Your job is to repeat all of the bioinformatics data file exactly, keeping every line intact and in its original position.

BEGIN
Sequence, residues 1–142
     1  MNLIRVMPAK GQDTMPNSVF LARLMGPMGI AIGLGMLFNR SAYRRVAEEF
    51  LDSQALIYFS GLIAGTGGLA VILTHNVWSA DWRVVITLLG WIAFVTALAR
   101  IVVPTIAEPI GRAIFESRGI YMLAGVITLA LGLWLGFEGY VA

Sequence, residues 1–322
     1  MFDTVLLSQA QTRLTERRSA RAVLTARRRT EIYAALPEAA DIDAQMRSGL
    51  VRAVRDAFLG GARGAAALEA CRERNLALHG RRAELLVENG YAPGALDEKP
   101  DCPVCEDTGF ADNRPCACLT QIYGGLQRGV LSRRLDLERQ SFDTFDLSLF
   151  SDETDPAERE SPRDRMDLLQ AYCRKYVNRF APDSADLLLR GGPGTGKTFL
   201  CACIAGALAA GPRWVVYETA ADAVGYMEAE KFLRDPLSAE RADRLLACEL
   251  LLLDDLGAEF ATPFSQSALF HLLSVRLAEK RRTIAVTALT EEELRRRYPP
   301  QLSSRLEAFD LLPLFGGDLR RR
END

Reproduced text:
Sequence, residues 1–142
     1  MNLIRVMPAK GQDTMPNSVF LARLMGPMGI AIGLGMLFNR SAYRRVAEEF
    51  LDSQALIYFS GLIAGTGGLA VILTHNVWSA DWRVVITLLG WIAFVTALAR
   101  IVVPTIAEPI GRAIFESRGI YMLAGVITLA LGLWLGFEGY VA

Sequence, residues 1–322
     1  MFDTVLLSQA QTRLTERRSA RAVLTARRRT EIYAALPEAA DIDAQMRSGL
    51  VRAVRDAFLG GARGAAALEA CRERNLALHG RRAELLVENG YAPGALDEKP
   101  DCPVCEDTGF ADNRPCACLT QIYGGLQRGV LSRRLDLERQ SFDTFDLSLF
   151  SDETDPAERE SPRDRMDLLQ AYCRKYVNRF APDSADLLLR GGPGTGKTFL
   201  CACIAGALAA GPRWVVYETA ADAVGYMEAE KFLRDPLSAE RADRLLACEL
   251  LLLDDLGAEF ATPFSQSALF HLLSVRLAEK RRTIAVTALT EEELRRRYPP
   301  QLSSRLEAFD LLPLFGGDLR RR